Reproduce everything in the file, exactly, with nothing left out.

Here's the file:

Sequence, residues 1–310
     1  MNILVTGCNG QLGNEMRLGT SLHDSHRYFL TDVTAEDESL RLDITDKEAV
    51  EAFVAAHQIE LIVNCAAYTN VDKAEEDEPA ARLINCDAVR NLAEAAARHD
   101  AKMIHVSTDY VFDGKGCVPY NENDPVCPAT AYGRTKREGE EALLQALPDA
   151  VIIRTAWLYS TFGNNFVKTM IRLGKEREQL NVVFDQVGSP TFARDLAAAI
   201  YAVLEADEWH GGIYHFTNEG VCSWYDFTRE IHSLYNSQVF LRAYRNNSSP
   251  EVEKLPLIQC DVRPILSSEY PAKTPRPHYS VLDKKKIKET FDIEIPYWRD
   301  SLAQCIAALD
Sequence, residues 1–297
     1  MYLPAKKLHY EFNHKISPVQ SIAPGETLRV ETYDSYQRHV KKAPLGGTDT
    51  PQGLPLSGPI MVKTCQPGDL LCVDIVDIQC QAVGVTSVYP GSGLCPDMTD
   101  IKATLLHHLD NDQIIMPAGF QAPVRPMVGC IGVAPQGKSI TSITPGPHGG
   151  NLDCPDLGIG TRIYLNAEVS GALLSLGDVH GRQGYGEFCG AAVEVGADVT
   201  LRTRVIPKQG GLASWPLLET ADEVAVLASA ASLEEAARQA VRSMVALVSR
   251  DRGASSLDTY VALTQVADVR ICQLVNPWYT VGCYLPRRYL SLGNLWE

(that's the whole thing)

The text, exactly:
Sequence, residues 1–310
     1  MNILVTGCNG QLGNEMRLGT SLHDSHRYFL TDVTAEDESL RLDITDKEAV
    51  EAFVAAHQIE LIVNCAAYTN VDKAEEDEPA ARLINCDAVR NLAEAAARHD
   101  AKMIHVSTDY VFDGKGCVPY NENDPVCPAT AYGRTKREGE EALLQALPDA
   151  VIIRTAWLYS TFGNNFVKTM IRLGKEREQL NVVFDQVGSP TFARDLAAAI
   201  YAVLEADEWH GGIYHFTNEG VCSWYDFTRE IHSLYNSQVF LRAYRNNSSP
   251  EVEKLPLIQC DVRPILSSEY PAKTPRPHYS VLDKKKIKET FDIEIPYWRD
   301  SLAQCIAALD
Sequence, residues 1–297
     1  MYLPAKKLHY EFNHKISPVQ SIAPGETLRV ETYDSYQRHV KKAPLGGTDT
    51  PQGLPLSGPI MVKTCQPGDL LCVDIVDIQC QAVGVTSVYP GSGLCPDMTD
   101  IKATLLHHLD NDQIIMPAGF QAPVRPMVGC IGVAPQGKSI TSITPGPHGG
   151  NLDCPDLGIG TRIYLNAEVS GALLSLGDVH GRQGYGEFCG AAVEVGADVT
   201  LRTRVIPKQG GLASWPLLET ADEVAVLASA ASLEEAARQA VRSMVALVSR
   251  DRGASSLDTY VALTQVADVR ICQLVNPWYT VGCYLPRRYL SLGNLWE